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Taiwan financial watchdog to oversee digital assets, but not NFTs

Taiwan‘s financial watchdog is set to become the official regulator for digital currencies under upcoming legislation.

Taiwan has adopted a wait-and-see approach toward digital asset regulations for years, despite the rapid growth in Bitcoin adoption over the past few years. However, as Bloomberg reports, the Financial Supervisory Commission (FSC) would hand jurisdiction over the industry before the end of March.

FSC Chairman Huang Tien-mu confirmed the move to legislators on March 20 during a hearing about the banking industry’s stability amid the collapse of three United States banks.

By coming under the FSC’s jurisdiction, digital assets will now be subjected to strict anti-money laundering requirements, the only major initial change. However, Huang dismissed proposals for standalone legislation for the sector, saying it’s too early to debate Bitcoin regulations.

FSC’s oversight won’t cover non-fungible tokens (NFTs), however. According to reports by local media, Huang believes that NFTs are an emerging asset class with broad implications.

Wayne Huang, the founder of Taiwanese blockchain banking platform XREX concurs, saying that the watchdog needs more time to formulate NFT regulations.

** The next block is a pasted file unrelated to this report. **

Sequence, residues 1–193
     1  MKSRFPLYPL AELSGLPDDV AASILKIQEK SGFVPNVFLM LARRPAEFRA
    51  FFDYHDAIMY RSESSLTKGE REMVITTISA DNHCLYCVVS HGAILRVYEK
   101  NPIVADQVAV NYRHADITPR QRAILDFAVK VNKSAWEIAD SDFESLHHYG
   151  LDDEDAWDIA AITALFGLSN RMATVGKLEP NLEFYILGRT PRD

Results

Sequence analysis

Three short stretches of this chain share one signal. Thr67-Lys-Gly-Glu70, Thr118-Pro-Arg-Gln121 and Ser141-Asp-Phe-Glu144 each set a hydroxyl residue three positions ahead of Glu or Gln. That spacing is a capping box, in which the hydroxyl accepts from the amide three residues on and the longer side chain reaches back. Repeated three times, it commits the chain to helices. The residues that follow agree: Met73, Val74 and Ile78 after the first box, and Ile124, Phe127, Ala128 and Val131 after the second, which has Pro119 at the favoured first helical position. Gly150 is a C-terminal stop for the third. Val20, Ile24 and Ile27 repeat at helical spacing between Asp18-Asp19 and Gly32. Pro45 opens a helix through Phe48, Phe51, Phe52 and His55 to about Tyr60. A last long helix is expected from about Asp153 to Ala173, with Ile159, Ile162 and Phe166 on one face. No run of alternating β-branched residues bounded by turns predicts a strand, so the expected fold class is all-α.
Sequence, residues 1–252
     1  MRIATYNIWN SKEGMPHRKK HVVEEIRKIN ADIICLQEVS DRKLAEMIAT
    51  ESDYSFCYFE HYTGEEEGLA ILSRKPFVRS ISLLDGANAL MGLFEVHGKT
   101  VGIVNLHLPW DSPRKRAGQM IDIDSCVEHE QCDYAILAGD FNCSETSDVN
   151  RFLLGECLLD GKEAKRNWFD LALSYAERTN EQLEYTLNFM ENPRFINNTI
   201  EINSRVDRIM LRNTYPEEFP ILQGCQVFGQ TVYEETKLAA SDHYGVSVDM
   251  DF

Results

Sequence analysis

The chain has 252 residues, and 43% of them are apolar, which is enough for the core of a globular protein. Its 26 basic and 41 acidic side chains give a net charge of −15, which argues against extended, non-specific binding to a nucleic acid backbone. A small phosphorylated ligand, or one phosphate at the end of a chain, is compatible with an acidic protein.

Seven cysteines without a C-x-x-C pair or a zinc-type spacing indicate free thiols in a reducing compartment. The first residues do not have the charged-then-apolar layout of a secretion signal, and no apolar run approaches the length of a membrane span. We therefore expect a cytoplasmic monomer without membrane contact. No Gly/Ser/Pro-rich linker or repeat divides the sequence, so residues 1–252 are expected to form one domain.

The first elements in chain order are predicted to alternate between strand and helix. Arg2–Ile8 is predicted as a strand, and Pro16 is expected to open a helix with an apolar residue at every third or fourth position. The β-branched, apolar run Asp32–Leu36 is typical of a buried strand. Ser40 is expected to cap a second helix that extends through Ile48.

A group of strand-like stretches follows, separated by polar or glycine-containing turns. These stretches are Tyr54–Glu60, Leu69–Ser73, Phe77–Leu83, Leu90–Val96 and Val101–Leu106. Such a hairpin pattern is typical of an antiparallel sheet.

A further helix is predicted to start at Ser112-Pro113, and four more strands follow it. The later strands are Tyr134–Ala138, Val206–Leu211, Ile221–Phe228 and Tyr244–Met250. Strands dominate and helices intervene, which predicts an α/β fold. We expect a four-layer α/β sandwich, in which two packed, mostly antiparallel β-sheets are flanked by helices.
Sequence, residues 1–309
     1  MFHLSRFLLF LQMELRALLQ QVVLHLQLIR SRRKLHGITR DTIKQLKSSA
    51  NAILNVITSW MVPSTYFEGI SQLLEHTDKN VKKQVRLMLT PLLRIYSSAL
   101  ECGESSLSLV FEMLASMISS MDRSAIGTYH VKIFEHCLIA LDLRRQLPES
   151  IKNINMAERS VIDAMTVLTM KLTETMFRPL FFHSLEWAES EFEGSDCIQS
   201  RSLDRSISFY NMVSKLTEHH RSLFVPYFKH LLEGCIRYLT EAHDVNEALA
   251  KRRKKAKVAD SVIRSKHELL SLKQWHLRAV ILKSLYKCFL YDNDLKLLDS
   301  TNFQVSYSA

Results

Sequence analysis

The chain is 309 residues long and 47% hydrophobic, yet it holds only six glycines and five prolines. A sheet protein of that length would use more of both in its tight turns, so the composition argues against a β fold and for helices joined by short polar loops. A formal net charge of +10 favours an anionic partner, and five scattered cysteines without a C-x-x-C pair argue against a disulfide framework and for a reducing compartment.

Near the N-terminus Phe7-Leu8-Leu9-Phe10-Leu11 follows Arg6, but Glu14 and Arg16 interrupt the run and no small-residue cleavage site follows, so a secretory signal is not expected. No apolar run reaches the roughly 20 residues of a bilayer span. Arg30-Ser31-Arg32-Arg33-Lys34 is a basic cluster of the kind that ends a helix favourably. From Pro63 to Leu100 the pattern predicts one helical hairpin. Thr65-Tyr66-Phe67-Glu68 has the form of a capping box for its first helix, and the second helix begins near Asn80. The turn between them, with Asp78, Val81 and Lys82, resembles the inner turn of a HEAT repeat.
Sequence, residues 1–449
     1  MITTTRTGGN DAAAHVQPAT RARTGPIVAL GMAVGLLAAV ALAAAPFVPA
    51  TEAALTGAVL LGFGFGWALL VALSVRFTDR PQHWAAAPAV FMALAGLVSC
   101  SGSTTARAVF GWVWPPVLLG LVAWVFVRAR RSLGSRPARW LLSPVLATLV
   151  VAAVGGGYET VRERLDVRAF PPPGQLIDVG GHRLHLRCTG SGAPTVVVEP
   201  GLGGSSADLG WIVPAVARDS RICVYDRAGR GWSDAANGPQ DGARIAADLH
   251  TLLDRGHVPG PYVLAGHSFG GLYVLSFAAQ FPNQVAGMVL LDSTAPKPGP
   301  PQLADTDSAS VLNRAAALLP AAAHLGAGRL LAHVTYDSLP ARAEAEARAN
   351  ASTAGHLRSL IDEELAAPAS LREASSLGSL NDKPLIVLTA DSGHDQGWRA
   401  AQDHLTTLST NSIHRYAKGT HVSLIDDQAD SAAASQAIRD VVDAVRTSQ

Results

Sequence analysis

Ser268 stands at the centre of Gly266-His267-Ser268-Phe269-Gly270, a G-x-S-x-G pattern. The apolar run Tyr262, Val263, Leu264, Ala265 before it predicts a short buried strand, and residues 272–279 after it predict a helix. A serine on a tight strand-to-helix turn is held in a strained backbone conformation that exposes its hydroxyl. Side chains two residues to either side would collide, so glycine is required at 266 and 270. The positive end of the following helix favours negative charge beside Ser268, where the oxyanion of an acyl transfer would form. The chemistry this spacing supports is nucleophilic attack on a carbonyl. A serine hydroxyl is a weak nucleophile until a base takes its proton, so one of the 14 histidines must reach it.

“Due to the extendability and composability of NFTs, they can represent a broad spectrum of things ranging from commercial products to commodities to securities. Therefore the FSC likely needs more time to develop a proper set of NFT classification guidelines,” he told one outlet.

Taiwan has recorded a surge in Bitcoin adoption in recent years. In the first half of 2022, trading volumes shot up 30%. This adoption has surged despite the strict anti-Bitcoin stance that mainland China has taken over the years. The East Asian country, which dominates the global semiconductor manufacturing industry, has licensed 24 digital asset exchanges.

The new regulatory structure has been met with a mixed reception. Huang, the XREX founder, welcomed the FSC as the industry watchdog, urging it to partner with industry stakeholders to develop an enabling regulatory framework.

Others like Alex Liu, the CEO of Taiwan’s largest exchange Maicoin, believe that the FSC isn’t best equipped to oversee the sector. He says that the newly-created Ministry of Digital Affairs (MODA) should have been charged with overseeing Bitcoin. This proposal was opposed based on the limited experience of the new ministry, an argument Liu dismissed.

“Militaries use guns and bullets. Let’s say they started using laser guns. Would you expect that to still fall under the defense ministry or a new department of directed energy weapons?” he posed.

As per Bloomberg, Binance is already rallying other local exchanges to pressure the FSC for lenient regulations. In a paper advocating for new laws, Binance argued that other regulators who have attempted to apply existing regulations to digital assets “experienced great difficulty as the rules lacked clarity and made it very confusing for business operators, authorities and customers.”

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